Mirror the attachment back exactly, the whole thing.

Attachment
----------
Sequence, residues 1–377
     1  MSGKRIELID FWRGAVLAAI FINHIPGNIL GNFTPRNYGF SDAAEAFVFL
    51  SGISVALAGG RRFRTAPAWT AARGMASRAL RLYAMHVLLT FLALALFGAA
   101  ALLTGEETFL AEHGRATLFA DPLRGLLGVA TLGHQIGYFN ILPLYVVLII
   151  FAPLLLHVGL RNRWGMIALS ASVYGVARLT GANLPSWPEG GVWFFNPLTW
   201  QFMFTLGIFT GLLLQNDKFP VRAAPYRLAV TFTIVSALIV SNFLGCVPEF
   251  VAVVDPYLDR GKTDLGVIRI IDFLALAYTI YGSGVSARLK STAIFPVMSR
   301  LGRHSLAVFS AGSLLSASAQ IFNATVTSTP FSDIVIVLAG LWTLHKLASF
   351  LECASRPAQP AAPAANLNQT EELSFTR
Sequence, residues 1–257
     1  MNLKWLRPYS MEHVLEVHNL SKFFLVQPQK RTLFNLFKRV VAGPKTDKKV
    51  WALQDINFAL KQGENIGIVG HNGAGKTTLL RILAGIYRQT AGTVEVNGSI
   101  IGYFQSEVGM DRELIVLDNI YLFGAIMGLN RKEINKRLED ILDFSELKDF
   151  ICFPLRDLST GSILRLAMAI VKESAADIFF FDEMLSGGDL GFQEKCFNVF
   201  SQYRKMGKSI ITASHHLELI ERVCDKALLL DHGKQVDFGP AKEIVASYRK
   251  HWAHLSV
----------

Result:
Sequence, residues 1–377
     1  MSGKRIELID FWRGAVLAAI FINHIPGNIL GNFTPRNYGF SDAAEAFVFL
    51  SGISVALAGG RRFRTAPAWT AARGMASRAL RLYAMHVLLT FLALALFGAA
   101  ALLTGEETFL AEHGRATLFA DPLRGLLGVA TLGHQIGYFN ILPLYVVLII
   151  FAPLLLHVGL RNRWGMIALS ASVYGVARLT GANLPSWPEG GVWFFNPLTW
   201  QFMFTLGIFT GLLLQNDKFP VRAAPYRLAV TFTIVSALIV SNFLGCVPEF
   251  VAVVDPYLDR GKTDLGVIRI IDFLALAYTI YGSGVSARLK STAIFPVMSR
   301  LGRHSLAVFS AGSLLSASAQ IFNATVTSTP FSDIVIVLAG LWTLHKLASF
   351  LECASRPAQP AAPAANLNQT EELSFTR
Sequence, residues 1–257
     1  MNLKWLRPYS MEHVLEVHNL SKFFLVQPQK RTLFNLFKRV VAGPKTDKKV
    51  WALQDINFAL KQGENIGIVG HNGAGKTTLL RILAGIYRQT AGTVEVNGSI
   101  IGYFQSEVGM DRELIVLDNI YLFGAIMGLN RKEINKRLED ILDFSELKDF
   151  ICFPLRDLST GSILRLAMAI VKESAADIFF FDEMLSGGDL GFQEKCFNVF
   201  SQYRKMGKSI ITASHHLELI ERVCDKALLL DHGKQVDFGP AKEIVASYRK
   251  HWAHLSV